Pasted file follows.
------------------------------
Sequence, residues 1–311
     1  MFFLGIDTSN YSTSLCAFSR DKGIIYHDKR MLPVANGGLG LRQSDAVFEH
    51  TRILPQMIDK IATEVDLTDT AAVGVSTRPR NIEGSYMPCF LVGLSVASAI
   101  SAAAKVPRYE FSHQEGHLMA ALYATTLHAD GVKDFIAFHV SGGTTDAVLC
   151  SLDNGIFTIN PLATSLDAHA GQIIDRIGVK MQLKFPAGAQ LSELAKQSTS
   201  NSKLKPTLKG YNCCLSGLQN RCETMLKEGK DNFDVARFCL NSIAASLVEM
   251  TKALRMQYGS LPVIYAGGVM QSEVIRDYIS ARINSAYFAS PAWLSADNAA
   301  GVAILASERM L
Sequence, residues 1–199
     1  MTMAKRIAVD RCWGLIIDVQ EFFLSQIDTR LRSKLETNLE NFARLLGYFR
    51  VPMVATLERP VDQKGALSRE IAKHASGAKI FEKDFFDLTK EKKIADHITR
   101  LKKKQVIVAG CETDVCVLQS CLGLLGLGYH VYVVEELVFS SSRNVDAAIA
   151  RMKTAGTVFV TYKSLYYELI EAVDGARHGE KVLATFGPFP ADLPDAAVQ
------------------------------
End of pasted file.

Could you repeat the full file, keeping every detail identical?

Sequence, residues 1–311
     1  MFFLGIDTSN YSTSLCAFSR DKGIIYHDKR MLPVANGGLG LRQSDAVFEH
    51  TRILPQMIDK IATEVDLTDT AAVGVSTRPR NIEGSYMPCF LVGLSVASAI
   101  SAAAKVPRYE FSHQEGHLMA ALYATTLHAD GVKDFIAFHV SGGTTDAVLC
   151  SLDNGIFTIN PLATSLDAHA GQIIDRIGVK MQLKFPAGAQ LSELAKQSTS
   201  NSKLKPTLKG YNCCLSGLQN RCETMLKEGK DNFDVARFCL NSIAASLVEM
   251  TKALRMQYGS LPVIYAGGVM QSEVIRDYIS ARINSAYFAS PAWLSADNAA
   301  GVAILASERM L
Sequence, residues 1–199
     1  MTMAKRIAVD RCWGLIIDVQ EFFLSQIDTR LRSKLETNLE NFARLLGYFR
    51  VPMVATLERP VDQKGALSRE IAKHASGAKI FEKDFFDLTK EKKIADHITR
   101  LKKKQVIVAG CETDVCVLQS CLGLLGLGYH VYVVEELVFS SSRNVDAAIA
   151  RMKTAGTVFV TYKSLYYELI EAVDGARHGE KVLATFGPFP ADLPDAAVQ